Installing additional windows and skylights improves your home’s natural light, which is advantageous to your fitness and well-being and can save finances on your electric bill.

7. Awareness of size.

While there are numerous methods to maximize the area, the truth is, occasionally, you need a more significant place. Evaluate the size of your family and how and where you enjoy spending your day. How much area do you require? Change room sizes to adjust.

8. Fitting to your lifestyle.

If you plan on including a lot of /company, pay attention to your entertaining rooms. If multi-generational living is a chance for your family, consider main-floor bedrooms. Think and prepare ahead so you don’t mourn any decisions.

9. Use of storage.

It would help if you prepared for closets, storage areas, etc., so you won’t be pushed /to keep large or seasonal items (such as holiday decor) in public places.

10. The balance between architecture and practicality.

Custom home building is about finding creative ways to design the perfect space, but don’t let the details overshadow suitability. Consider costs, safety protection, etc.


E. Space Planning Considerations

1. Function and Zoning

Arguably the most significant area of allocation concern is functional analysis. The practical use of the space can be graphically illustrated.

Typically, homes have four zones:

  • Social zones
  • Work zones (kitchen, utility, office)
  • Private zones (bedrooms, bathrooms)
  • Storage zones (cupboards, closets, and cabinets)

There are ordinarily functional interrelationships between zones – specific zones have an adjacency connection to one another – a kitchen is traditionally sited near the dining area, and bedrooms are usually grouped near a shared bathroom. The space-planning approach determines which areas and functions are interrelated. In a well-designed space, activities should move smoothly and actually from one zoned area into another.

2. Dimensions and Shape of the Space

The analysis phase of the Design Process concerns ascertaining the sufficient floor space for each activity space within the structure. Typically, around 80 percent of the functional area is assigned to living space, 10 percent for walkways, and 10 percent for item storage.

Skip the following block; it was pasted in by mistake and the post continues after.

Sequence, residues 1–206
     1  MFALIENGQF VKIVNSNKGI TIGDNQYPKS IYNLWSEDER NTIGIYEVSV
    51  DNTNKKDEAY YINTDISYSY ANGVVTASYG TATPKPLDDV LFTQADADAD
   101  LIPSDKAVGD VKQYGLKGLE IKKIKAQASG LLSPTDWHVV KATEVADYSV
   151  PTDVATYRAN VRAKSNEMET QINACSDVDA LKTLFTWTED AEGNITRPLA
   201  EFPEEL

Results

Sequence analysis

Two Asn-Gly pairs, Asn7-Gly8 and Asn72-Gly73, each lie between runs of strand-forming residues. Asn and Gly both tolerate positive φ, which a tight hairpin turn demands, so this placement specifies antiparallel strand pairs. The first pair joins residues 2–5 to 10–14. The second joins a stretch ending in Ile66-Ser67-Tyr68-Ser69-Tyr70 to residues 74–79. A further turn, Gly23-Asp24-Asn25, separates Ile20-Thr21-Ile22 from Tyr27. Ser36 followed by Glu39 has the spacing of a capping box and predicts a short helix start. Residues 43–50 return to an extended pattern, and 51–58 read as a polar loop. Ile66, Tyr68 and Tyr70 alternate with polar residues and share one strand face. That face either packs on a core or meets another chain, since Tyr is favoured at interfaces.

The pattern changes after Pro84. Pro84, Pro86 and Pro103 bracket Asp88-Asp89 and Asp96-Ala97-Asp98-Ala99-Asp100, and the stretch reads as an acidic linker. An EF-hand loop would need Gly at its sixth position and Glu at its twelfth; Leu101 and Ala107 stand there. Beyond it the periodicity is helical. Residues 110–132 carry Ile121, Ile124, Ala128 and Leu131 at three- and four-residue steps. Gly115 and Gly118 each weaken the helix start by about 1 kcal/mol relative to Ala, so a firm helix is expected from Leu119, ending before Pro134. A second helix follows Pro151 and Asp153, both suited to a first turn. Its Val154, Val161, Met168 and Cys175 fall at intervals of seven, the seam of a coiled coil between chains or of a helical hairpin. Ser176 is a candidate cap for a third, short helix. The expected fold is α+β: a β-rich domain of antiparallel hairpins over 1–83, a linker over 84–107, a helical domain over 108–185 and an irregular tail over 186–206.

Another essential consideration is the number of users who will use the space.

The interior space shape has horizontal and vertical proportions, and rectangular areas are the most effortless to build and decorate. Still, they are not as architecturally intriguing as spaces with curved or angled walls and ceilings, which may produce the impression of more significant space and benefit from visually expanding the actual interior measurements.

3. Site, Orientation, and Climate

The dimensions and shape of the space may be defined by the site’s limitations, such as the home plot’s size, the site’s slope, the location of nearby buildings, or the style of neighboring architecture.

The site’s orientation (the direction the home faces) will influence window placement and sound design to take full benefit of the solar aspects (the path of sunshine).

Designing for the climate is an essential consideration of design.

4. Economic Decisions

The economy is a critical consideration in space decisions.

5. Expanding the Space

Several structural elements can be utilized to ‘expand’ the space:

  • Open plans using beams instead of several structural walls
  • Creating half-walls or translucent walls
  • Expansive use of windows and doors with glass
  • Vertical space, achieved with vaulted ceilings, extra-tall walls, or using skylights

Several decorative elements can create small spaces to materialize larger:

  • Light colors seem to recede, causing light-colored walls to appear further out.
  • Expand space with smooth textures.
  • Floor coverings Wall-to-wall make the floor area seem more significant.
  • Vertical solid lines lead the eye upwards, causing ceilings to seem higher.
  • Window treatments floor-length can cause walls to appear taller
  • The use of horizontal beams can provide the appearance of greater width
  • Furnishings on a small scale cause the space to seem larger
  • Mirrors can be arranged (to reflect an image from a window) to extend space
  • Pattern using of small-scale, or with little or no pattern
  • Tables with of glass and other translucent items or materials
  • Furnishings with legs, instead of upholstered covering

Contrarily, an oversized space can be as big a predicament as an undersized space. Rooms that are more considerable than human scale in height or space can boost and reflect noise, furnish minimal possibility for privacy, and appear unwelcoming.

Several decorative elements can also create large spaces seem smaller:

  • Dark colors make space appear smaller
  • Rough textures diminish space
  • Furniture can be positioned into several practical or conversational groupings
  • Area rugs can separate the room into different areas or accentuate furniture groupings
  • Usage of weighty or large-scale furnishings
  • Patterns with large-scale motifs
  • Furniture that sits flush to the floor, or upholstered skirts on soft furniture

6. Circulation Patterns

Circulation practices are called ‘walkways.’ space develops careful evaluation of traffic flow between spaces, areas, and rooms. Traffic practices on a bubble graph may be shown as lines and pointers, and direct pathways shouldn’t be hindered.

Some surprises to avoid in working traffic patterns:

  • Spaces that serve as hallways, supplying the only access to other spaces
  • Rooms too small to use furniture with circulation